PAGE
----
RT: Has this actually protected a client’s business?
MM: While I can’t go into specific case information, the program, over the years, has been successful in deterring lawsuits. In other cases, the program actually encouraged what has been described as favorable settlements with a creditor. So, from an asset protection standpoint, the program was viewed as a success. Again, the program’s goal is to provide income in retirement, but by the nature of how it is structured, asset protection may also be a result.
RT: How does the UCC-1 work?
MM: The UCC-1, or Uniform Commercial Code, was developed over time as a way to promote uniformity among various jurisdictions to govern commercial transactions. Each state has adopted its own guidelines, although recently, new federal guidelines have been adopted to standardize the process. A UCC-1 Financing Statement is a form that is filed with your state. It is a legal document filed by a lender and signed by a borrower, which specifically lists property the borrower has assigned to the lender as collateral against the debt. It shows the lender as a secured party of record, and assists in determining who has rights to your assets. All lenders will file a UCC-1 financing statement with the state government in order to protect their investment in your company.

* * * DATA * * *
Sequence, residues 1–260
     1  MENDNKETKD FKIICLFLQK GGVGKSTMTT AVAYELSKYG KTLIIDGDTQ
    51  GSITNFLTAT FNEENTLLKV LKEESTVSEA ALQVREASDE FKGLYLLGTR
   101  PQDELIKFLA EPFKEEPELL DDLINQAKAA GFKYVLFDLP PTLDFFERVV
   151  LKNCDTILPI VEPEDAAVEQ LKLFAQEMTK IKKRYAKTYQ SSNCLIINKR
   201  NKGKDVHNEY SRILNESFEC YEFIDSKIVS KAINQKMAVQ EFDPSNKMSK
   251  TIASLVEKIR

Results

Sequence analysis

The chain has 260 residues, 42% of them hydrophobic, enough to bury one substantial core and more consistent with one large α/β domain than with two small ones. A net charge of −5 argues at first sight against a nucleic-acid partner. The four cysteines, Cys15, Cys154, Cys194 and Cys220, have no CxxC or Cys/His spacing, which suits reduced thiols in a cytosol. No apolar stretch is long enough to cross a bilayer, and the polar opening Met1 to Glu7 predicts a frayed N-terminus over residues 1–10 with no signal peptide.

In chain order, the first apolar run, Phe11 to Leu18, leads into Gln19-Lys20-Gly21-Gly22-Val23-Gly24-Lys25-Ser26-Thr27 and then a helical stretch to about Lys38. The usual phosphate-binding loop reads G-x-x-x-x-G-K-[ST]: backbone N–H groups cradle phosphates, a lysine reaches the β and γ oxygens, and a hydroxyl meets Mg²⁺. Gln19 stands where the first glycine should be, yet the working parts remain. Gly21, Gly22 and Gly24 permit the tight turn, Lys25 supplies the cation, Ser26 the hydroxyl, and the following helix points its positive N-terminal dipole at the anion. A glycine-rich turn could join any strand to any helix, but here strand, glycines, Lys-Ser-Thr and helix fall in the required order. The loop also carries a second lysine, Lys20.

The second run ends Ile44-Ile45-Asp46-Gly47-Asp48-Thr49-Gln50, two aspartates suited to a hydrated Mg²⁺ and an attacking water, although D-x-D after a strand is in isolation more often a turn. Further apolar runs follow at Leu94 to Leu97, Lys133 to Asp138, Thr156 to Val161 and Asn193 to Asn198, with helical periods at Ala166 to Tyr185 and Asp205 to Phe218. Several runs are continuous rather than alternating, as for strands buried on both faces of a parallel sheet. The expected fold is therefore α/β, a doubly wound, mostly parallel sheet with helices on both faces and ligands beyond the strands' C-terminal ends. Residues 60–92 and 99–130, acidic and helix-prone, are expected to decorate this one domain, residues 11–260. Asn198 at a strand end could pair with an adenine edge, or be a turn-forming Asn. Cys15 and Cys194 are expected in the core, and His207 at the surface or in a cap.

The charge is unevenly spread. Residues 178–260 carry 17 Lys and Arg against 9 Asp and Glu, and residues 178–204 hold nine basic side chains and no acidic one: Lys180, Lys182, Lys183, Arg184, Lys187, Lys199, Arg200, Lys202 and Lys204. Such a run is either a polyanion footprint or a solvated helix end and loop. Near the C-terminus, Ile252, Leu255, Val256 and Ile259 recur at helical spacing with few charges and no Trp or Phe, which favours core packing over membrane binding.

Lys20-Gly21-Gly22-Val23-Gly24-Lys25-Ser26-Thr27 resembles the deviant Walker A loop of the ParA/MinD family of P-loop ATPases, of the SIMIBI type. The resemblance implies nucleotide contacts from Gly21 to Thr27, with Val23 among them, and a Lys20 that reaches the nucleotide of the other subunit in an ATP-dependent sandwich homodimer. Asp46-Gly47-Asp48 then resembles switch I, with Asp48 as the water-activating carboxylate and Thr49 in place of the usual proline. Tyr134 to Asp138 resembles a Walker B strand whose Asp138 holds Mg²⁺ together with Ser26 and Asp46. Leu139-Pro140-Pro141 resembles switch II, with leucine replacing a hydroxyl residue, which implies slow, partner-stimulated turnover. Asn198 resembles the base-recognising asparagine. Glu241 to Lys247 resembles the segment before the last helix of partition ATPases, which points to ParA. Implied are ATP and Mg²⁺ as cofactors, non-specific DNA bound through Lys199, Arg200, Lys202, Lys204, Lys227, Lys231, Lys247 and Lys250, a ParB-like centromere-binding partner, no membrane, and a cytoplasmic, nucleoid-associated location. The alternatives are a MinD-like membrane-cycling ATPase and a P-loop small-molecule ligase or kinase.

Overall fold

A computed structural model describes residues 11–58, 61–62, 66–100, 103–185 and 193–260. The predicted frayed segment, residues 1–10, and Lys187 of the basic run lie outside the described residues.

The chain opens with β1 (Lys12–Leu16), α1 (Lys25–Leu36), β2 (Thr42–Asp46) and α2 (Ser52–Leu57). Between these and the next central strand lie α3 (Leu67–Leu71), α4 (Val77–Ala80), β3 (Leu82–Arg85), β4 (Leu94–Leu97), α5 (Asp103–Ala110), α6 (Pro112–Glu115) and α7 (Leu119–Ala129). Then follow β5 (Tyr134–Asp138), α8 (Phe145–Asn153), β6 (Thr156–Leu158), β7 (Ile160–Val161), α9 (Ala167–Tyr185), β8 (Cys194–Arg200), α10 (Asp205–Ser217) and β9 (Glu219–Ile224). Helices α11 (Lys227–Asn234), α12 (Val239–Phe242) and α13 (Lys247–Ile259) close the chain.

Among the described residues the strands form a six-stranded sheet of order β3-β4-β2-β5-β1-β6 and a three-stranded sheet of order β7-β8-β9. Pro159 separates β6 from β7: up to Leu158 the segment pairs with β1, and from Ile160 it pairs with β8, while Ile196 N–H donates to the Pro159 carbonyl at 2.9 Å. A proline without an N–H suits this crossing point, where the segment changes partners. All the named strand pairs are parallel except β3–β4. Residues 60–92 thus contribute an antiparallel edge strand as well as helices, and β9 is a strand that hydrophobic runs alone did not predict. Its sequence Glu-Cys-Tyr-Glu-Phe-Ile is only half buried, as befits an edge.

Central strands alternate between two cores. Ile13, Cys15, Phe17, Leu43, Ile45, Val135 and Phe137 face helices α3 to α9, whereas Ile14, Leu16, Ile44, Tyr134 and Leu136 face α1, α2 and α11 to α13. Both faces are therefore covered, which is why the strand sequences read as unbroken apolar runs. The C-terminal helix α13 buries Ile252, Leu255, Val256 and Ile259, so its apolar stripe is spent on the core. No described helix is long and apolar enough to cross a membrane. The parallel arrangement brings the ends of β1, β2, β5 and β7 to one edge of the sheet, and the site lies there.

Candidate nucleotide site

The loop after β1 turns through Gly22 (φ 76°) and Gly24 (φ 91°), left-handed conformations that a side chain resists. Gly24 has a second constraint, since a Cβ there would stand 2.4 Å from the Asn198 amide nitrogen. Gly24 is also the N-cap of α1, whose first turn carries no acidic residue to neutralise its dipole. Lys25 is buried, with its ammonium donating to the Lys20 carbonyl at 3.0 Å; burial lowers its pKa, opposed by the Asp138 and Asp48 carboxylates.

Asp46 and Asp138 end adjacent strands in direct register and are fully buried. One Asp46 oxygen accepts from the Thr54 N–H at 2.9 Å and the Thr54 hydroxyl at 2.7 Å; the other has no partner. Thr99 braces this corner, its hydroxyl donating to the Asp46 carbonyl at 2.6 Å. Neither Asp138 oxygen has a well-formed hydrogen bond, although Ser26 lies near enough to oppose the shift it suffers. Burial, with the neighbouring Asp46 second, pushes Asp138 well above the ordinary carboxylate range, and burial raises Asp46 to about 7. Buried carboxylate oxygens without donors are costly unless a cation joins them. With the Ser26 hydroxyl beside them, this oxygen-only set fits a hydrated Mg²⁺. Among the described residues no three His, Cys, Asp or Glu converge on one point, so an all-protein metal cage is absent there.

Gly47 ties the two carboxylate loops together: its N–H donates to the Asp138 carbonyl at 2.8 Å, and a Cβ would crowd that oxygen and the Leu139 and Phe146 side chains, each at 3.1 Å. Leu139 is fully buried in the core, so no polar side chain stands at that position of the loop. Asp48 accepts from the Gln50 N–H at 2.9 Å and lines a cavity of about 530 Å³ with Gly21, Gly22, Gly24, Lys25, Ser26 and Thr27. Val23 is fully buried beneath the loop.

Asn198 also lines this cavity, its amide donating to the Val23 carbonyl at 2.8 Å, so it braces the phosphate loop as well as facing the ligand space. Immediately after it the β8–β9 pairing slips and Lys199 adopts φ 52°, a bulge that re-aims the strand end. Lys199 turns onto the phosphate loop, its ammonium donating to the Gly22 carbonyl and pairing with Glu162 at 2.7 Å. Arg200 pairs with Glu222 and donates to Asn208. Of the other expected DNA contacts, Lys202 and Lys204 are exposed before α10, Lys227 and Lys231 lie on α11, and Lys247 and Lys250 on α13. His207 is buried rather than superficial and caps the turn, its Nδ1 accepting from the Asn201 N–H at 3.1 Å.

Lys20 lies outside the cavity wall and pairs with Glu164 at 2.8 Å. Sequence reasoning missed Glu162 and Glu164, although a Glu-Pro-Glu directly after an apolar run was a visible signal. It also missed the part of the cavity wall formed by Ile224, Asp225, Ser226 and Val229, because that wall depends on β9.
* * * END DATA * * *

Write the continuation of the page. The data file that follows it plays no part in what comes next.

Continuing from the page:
RT: You mentioned there are three components to the Business Leveraged Retirement Income Program. What are the other two?
MM: While there are several moving parts to the program it basically boils down to three main components. We have already talked about the leveraging process being the first. The second component is the legal structure. Not wanting to get too “legal” here, but this part of the program determines how the loan proceeds and the interest payments will affect the business and the business owner from a tax standpoint.
The third component of the program is the retirement income vehicle. This is where the loan proceeds are actually deposited. Every program relies on either an annuity contract and or a life insurance policy to grow the loan proceeds in a compounded, tax-deferred manner. The specific information about how these contracts function is presented to the business owner by way of policy illustrations prepared by the issuing insurance company.
RT: How does the retirement income money accumulate?
MM: The entire principle amount of the loan has to be deposited into the chosen insurance contracts and cannot be used for any other purpose. Once the insurance contracts are funded, they compound and grow tax deferred. This compounding effect is what causes the cash values of the contracts to accumulate faster than the simple interest cost associated with the loan. You have to remember that with this program, as with all things, time is money. The longer the program is in place the greater effect the compounding will have. A plan that is in place for 10 years will not likely provide the same retirement income benefits as one in place for 15 years or more.
RT: How is the retirement income money drawn out at the dissolution of the business?